Pregnancy Not Necessarily Super Exact, Just Like Everything The Human Body Does
Because being pregnant is hard enough without having fixed deadlines.
The average pregnancy lasts 280 days — but average is the key word there. That whole 9-months-equals-healthy-baby-thing? Apparently it’s not exact. Rather, a new study published in Human Reproduction shows that pregnancy time can vary by over a month and still produce a healthy baby.
While scientists have always known that the length of time it takes to carry a fetus to term can vary, in the past it’s been assumed that pinpointing the moment of conception will give you a pretty close delivery date estimate. But upon realizing 70% of women don’t deliver on their presumed due date, researchers at the National Institute of Environmental Health Sciences decided to reexamine data from a thirty-year-old study in North Carolina.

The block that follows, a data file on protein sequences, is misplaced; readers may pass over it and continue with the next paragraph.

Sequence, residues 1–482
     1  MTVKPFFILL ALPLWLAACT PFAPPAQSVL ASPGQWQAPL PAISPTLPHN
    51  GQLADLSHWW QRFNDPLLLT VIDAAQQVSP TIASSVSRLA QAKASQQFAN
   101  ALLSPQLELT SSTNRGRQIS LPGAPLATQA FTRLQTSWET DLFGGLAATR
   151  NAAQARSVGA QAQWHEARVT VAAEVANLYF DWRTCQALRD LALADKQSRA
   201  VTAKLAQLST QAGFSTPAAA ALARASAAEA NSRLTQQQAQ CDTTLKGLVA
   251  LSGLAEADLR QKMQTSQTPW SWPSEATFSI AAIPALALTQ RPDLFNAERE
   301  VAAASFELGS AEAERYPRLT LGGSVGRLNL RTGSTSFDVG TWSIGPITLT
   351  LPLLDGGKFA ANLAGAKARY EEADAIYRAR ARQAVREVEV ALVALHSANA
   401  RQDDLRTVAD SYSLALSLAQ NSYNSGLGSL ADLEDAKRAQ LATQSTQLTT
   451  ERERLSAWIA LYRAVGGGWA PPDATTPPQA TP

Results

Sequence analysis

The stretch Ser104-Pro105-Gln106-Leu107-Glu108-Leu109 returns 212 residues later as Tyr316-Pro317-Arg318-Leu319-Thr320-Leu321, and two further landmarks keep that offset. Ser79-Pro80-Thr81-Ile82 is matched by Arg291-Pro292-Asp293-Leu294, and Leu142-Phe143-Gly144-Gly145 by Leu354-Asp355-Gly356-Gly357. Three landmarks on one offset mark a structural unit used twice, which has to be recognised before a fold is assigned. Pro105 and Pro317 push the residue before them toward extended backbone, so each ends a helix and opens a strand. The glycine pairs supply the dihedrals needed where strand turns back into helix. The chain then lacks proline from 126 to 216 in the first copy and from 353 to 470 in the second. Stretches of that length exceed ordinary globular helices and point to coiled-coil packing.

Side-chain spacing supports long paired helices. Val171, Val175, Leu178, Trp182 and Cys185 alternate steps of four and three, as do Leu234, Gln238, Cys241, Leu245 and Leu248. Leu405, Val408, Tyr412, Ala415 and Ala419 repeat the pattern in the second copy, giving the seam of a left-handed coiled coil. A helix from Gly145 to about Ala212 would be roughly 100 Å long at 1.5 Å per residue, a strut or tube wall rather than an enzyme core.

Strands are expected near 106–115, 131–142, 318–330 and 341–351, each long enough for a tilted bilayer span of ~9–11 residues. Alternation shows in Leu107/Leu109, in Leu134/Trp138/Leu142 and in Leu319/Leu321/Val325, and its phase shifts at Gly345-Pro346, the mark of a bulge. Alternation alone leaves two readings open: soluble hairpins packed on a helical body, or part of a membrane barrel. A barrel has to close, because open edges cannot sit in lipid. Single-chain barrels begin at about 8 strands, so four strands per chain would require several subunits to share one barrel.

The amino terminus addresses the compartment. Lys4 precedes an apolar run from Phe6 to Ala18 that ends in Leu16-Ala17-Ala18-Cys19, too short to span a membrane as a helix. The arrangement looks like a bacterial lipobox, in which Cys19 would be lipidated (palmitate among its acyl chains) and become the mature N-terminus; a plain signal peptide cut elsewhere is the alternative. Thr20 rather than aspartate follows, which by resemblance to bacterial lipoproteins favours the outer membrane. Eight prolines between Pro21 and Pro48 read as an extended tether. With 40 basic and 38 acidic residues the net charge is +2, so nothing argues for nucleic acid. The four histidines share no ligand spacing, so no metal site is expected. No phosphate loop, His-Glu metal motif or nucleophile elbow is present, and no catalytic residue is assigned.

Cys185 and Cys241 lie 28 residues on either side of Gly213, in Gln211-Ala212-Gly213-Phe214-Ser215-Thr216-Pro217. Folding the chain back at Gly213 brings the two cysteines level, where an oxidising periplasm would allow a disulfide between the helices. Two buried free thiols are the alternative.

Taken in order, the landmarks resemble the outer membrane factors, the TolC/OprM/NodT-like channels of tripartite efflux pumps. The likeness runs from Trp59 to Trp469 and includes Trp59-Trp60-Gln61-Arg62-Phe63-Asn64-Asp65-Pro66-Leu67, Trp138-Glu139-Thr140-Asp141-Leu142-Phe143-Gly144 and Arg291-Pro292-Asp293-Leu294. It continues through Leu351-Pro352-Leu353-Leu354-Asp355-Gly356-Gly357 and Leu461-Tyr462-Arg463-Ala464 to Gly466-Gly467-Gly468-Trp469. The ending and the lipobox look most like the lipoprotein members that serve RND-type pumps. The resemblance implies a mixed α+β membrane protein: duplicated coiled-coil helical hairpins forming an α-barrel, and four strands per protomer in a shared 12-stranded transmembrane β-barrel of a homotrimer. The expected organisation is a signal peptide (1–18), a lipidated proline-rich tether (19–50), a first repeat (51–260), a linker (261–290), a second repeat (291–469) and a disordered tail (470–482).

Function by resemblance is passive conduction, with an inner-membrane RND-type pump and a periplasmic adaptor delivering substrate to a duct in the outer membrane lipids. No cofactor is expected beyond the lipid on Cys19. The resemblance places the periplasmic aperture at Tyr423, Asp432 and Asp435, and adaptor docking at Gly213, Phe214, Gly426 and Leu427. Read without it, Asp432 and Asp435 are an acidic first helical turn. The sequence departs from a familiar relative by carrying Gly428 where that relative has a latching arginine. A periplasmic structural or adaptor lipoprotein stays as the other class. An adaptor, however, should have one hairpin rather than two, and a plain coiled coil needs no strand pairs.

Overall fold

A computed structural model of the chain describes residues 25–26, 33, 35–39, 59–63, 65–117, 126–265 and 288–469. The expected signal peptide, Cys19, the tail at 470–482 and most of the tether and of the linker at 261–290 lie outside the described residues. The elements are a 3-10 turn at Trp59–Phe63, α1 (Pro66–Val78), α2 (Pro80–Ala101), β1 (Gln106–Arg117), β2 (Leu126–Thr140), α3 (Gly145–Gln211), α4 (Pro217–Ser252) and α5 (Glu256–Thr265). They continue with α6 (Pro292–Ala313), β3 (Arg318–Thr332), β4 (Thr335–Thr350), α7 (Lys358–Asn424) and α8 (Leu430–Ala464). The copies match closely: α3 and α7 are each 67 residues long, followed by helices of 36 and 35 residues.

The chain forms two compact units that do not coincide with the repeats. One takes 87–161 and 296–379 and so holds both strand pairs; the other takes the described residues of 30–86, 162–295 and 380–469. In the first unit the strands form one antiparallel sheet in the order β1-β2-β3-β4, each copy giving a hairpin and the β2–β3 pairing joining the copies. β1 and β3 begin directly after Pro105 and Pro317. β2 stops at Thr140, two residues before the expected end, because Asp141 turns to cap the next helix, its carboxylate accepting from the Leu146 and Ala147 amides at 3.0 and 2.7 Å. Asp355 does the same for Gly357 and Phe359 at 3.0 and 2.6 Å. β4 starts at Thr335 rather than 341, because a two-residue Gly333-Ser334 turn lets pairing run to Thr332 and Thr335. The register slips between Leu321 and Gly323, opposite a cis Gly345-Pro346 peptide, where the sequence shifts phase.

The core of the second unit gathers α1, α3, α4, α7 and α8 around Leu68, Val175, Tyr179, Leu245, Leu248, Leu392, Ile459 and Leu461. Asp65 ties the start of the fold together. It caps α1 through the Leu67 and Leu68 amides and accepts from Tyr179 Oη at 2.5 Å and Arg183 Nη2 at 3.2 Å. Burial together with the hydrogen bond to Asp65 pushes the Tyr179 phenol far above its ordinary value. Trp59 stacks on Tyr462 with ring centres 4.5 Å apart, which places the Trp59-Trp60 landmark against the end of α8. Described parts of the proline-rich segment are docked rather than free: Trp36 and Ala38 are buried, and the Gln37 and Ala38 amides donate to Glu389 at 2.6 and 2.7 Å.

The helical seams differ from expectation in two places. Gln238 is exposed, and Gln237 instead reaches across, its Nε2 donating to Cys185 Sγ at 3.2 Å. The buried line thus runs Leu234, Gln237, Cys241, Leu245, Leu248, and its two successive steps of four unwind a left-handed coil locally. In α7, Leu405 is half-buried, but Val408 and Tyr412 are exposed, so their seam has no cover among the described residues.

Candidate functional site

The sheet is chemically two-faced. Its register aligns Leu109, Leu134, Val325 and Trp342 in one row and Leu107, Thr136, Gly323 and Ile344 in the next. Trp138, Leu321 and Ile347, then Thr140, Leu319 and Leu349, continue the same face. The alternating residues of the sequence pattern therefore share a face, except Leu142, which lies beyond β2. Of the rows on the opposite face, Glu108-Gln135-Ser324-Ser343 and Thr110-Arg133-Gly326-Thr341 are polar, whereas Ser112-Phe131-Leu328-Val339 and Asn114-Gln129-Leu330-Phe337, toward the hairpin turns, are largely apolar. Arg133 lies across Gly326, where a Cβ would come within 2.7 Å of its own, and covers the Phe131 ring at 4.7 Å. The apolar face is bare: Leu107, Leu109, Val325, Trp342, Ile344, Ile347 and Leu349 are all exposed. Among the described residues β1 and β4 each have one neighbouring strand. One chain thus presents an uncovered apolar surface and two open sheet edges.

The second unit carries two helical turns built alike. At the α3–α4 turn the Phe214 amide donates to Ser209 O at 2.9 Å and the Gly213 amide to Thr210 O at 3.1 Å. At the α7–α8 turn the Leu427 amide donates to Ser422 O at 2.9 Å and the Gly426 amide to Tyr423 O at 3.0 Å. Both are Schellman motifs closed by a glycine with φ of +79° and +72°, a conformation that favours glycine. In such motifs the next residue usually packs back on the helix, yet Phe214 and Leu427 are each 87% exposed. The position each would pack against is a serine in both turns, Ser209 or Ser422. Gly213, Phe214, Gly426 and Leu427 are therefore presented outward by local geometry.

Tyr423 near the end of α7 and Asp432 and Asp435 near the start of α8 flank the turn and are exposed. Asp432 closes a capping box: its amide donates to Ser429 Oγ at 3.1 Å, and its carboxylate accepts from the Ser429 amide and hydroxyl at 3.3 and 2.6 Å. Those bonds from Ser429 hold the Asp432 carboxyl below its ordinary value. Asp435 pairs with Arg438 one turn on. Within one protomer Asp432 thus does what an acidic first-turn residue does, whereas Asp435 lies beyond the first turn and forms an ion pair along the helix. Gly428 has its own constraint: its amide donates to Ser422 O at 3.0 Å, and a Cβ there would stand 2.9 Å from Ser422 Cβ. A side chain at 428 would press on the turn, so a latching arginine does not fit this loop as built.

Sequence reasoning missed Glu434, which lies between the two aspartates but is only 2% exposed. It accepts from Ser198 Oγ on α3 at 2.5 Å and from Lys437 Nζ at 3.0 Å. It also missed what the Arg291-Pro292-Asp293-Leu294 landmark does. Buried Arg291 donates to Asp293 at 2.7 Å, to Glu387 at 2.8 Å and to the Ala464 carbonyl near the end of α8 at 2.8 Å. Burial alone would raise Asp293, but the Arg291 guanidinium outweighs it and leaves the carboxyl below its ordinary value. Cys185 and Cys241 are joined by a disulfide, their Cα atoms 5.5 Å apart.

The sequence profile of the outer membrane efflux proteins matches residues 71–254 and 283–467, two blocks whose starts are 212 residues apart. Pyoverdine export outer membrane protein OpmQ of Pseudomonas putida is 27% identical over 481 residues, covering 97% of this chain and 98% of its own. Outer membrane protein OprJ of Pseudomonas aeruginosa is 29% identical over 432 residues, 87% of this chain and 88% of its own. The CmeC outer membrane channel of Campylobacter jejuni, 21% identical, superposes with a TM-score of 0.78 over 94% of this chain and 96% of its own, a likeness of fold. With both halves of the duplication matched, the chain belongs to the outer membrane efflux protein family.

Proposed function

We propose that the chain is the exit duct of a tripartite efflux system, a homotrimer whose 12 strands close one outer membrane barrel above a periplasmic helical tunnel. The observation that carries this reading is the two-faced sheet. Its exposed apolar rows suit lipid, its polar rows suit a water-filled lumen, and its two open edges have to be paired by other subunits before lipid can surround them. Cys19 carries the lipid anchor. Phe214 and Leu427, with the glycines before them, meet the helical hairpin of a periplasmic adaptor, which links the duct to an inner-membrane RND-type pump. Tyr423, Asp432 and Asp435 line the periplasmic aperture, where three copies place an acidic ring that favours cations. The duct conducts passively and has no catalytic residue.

The original study consisted of data from 1982 to 1985, collected from 125 women over a period of time starting before conception and continuing to birth. By measuring hormone levels in each woman’s urine, the researchers calculated the exact date of conception. Then, after weeding out outlier cases that differed for other medical reasons, they discovered that healthy pregnancy duration could range from 247 to 284 days — a 37 day difference. While it should be noted that this is a fairly small sample size, the range of gestational length is still quite impressive.
In general, the study also found that older women and those who were heavier babies themselves had longer pregnancies. Pregnancy length tended to remain fairly constant for each individual as well — so if a woman took longer to deliver once, she likely would again when carrying another child later in life.